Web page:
Zealandia, Giant Landmass under New Zealand, Could Be Planet Earth’s 8th Continent

Zealandia, Giant Landmass under New Zealand, Could Be Planet Earth’s 8th Continent

Zealandia shown on a map with the other seven continents. Map: GNS Science

Zealandia, an enormous landmass in the Southwest Pacific Ocean whose highest mountains are the islands of New Zealand and New Caledonia, could be recognized as the Earth’s 8th continent.

In a paper published in the Geological Society of America’s Journal, whose lead author is New Zealand geologist Nick Mortimer, scientists argue that Zealandia constitutes a full-fledged continent even though 94% of its surface is under water.

The research is co-authored by scientists from the GNS Science research institute and Victoria University of Wellington in New Zealand; the Service Géologique of New Caledonia; and the University of Sydney’s School of Geosciences.

“The scientific value of classifying Zealandia as a continent is much more than just an extra name on a list,” the researchers said.

“That a continent can be so submerged yet unfragmented” could be of use for “exploring the cohesion and breakup of continental crust,“ they argued.

The Smallest Continent

The proposed continent of Zealandia is said to have a territory of about 5 million square kilometers (1.9 million square miles), with only a few islands sticking out above the Pacific surface: New Zealand’s North and South Islands, New Caledonia, Norfolk Island, the Lord Howe Island group and Elizabeth and Middleton reefs.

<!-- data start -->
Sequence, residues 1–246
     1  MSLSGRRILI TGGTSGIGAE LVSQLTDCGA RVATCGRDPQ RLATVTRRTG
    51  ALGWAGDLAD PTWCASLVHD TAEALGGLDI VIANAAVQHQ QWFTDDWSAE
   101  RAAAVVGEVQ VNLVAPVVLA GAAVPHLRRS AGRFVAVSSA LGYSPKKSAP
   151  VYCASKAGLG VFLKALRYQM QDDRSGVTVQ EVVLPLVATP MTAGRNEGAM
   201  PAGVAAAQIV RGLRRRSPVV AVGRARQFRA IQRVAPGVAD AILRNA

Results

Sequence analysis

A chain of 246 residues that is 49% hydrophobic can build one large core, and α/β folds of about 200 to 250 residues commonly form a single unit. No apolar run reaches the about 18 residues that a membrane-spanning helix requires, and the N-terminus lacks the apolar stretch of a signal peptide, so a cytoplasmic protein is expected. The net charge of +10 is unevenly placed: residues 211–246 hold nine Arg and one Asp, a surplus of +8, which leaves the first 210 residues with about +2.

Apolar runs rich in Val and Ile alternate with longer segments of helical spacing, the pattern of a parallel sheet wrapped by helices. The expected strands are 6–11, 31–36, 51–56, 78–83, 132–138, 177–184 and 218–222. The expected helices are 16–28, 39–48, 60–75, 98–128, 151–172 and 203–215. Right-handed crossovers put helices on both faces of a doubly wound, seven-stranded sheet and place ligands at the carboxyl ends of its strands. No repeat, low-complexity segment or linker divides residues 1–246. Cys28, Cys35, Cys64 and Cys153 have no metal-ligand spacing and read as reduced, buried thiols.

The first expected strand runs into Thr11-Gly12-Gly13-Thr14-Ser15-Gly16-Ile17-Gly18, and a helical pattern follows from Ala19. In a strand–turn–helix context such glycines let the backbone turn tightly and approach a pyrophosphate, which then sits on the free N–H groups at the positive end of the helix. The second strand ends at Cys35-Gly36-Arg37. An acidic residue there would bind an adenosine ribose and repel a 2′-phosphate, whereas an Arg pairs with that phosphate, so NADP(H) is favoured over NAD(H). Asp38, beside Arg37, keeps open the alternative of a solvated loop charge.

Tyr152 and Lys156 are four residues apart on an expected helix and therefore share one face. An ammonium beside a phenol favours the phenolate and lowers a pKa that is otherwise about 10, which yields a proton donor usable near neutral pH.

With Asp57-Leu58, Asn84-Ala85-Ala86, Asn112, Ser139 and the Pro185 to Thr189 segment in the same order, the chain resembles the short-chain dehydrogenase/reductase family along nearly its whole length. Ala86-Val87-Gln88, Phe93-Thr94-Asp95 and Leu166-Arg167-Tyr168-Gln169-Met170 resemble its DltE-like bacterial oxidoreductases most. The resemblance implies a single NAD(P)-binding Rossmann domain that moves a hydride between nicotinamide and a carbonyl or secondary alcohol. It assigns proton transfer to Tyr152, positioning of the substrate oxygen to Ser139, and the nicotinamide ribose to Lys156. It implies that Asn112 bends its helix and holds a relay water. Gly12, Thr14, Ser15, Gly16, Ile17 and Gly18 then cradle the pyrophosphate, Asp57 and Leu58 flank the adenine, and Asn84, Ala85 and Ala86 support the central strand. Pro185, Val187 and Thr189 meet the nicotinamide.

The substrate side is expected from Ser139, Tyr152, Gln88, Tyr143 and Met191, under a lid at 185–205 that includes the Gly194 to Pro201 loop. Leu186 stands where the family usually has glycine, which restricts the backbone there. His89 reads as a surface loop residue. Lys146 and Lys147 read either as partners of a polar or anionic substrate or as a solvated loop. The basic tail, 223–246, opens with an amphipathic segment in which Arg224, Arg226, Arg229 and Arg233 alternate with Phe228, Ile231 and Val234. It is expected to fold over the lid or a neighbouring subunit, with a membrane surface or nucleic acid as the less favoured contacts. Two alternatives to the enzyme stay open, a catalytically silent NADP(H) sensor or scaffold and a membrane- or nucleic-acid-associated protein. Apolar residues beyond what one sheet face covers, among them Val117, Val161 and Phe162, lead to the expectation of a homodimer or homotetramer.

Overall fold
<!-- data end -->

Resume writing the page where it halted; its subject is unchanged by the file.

This is about the size of the Indian Subcontinent. If the notion of Zealandia being a continent in its own right gains mainstream traction, it will be the smallest of the Earth’s continents.

The total area of the neighboring continent of Australia, the smallest one at present, is about 30% larger.

Zealandia is thought to have broken away from the southern supercontinent of Gondwana, and sank between 60 and 85 million years ago.

The authors of the research argued in favor of Zealandia’s recognition as a continent, even though it is almost completely submerged, based on its elevation above its surroundings, its unique geology and definition, and the fact that it exhibits a thicker crust than the regular ocean floor.

“This is a big piece of ground we’re talking about, even if it is submerged,” New Zealand geologist Nick Mortimer has told The Guardian Australia.

Zealandia covers nearly 5 million square kilomenters, of which 94% is under water. Maps: GNS Science

Gaining ‘Continental’ Recognition

It is noted that geologists have argued on and off in favor of Zealandia becoming  over the past 20 years.

The name “Zealandia” was first used for the landmass submerged in the Southwest Pacific by American geophysicist Bruce Luyendyk back in 1995.

Since then, the paper’s co-authors say, it has had “moderate uptake” but was still not broadly known to international scientists.

Mortimer described the paper on Zealandia as the first robust, peer-reviewed scientific article on the proposed continent, which, however, contained nothing new for New Zealand geologists who are familiar with the topic.

He revealed the new paper was based on research which started in 2002, and had been“a gradual process … [of] joining the dots”.

“It was a question of confidence, fundamentally, I think, with the accumulation of data and what to do with it,” the geologist said.

As there is no international scientific body in charge of officially recognizing continents, Zealandia’s mainstream acceptance as a continent is likely to take a while, and is still uncertain.

At the end of January, researchers from the University of the Witwatersrand in South Africa presented evidence on the existence of Mauritia, a giant lost continent lying underneath the island of Mauritius in the Southern Indian Ocean.


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